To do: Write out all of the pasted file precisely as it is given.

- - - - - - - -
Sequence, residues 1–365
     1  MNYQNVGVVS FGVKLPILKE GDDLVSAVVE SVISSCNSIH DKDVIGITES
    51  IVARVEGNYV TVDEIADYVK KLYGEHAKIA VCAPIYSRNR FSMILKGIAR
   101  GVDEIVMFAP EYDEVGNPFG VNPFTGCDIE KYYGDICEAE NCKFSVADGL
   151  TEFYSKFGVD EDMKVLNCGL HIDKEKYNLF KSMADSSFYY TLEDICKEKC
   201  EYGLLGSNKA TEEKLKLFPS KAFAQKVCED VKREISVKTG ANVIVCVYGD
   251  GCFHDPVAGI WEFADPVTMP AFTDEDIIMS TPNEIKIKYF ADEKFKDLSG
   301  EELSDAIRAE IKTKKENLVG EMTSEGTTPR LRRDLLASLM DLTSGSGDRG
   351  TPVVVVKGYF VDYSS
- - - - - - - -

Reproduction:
Sequence, residues 1–365
     1  MNYQNVGVVS FGVKLPILKE GDDLVSAVVE SVISSCNSIH DKDVIGITES
    51  IVARVEGNYV TVDEIADYVK KLYGEHAKIA VCAPIYSRNR FSMILKGIAR
   101  GVDEIVMFAP EYDEVGNPFG VNPFTGCDIE KYYGDICEAE NCKFSVADGL
   151  TEFYSKFGVD EDMKVLNCGL HIDKEKYNLF KSMADSSFYY TLEDICKEKC
   201  EYGLLGSNKA TEEKLKLFPS KAFAQKVCED VKREISVKTG ANVIVCVYGD
   251  GCFHDPVAGI WEFADPVTMP AFTDEDIIMS TPNEIKIKYF ADEKFKDLSG
   301  EELSDAIRAE IKTKKENLVG EMTSEGTTPR LRRDLLASLM DLTSGSGDRG
   351  TPVVVVKGYF VDYSS